“I personally think that things are getting better [and] issues that are being raised are being addressed,” Potter said. “Our goal is to get ahead of the IG report and put this in our rearview mirror as quickly as possible.”
Potter said he has eliminated the use of an exemption that allowed certain contracts to be awarded without competitive bidding. The inspector general’s report found that the MWAA awarded more than $220 million in contracts citing the exemption.
“We’re looking at all of our contracts to ensure that we’re maximizing competitive bidding wherever it can be done,” he said.
The divisions on the board gained public attention with a fight over whether the Silver Line station at Dulles should be built underground, which would have added $600 million to the cost.
Board members Mame Reiley and Dennis L. Martire led a successful effort to win approval for an underground station, but the board later acquiesced to public pressure and reversed itself. Then there was a battle over a union-friendly provision included in the contract for Phase 2 of the project, which will extend the line from Wiehle Avenue in Reston to the airport and eastern Loudoun County.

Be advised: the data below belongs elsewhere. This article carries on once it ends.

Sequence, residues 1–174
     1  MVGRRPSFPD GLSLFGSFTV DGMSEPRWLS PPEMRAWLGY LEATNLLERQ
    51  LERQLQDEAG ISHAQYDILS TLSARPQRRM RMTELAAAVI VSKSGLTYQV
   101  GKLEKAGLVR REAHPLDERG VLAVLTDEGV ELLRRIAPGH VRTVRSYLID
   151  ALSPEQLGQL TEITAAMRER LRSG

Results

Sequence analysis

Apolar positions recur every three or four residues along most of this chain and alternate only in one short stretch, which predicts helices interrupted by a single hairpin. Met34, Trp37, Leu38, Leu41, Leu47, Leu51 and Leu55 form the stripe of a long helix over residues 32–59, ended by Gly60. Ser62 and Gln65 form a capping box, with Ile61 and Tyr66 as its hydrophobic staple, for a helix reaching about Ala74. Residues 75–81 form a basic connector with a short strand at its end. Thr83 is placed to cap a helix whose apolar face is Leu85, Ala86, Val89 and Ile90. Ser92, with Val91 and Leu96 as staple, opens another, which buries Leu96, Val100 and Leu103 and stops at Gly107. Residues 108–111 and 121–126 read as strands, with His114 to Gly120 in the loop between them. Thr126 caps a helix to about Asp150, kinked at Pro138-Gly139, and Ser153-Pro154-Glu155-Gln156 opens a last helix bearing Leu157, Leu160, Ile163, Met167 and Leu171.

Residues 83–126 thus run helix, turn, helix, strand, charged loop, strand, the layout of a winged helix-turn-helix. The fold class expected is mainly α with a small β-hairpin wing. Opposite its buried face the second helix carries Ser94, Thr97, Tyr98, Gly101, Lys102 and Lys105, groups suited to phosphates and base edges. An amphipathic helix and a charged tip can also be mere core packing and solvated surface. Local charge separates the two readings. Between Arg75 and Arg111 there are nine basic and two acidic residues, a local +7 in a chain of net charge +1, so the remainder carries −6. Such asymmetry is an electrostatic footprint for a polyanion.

“Those two decisions really set off a firestorm,” Schefer said.
Another public flap arose when Reiley resigned from the board, citing health reasons, and was given a $180,000 job with benefits, the Washington Examiner reported.
“The thing that really pushed me over the top with the board is when I read in the Examiner that they gave a former board member a contract,” LaHood said. “I don’t think that’s right. I don’t think that’s the way to operate. I think it’s too much inside politics.”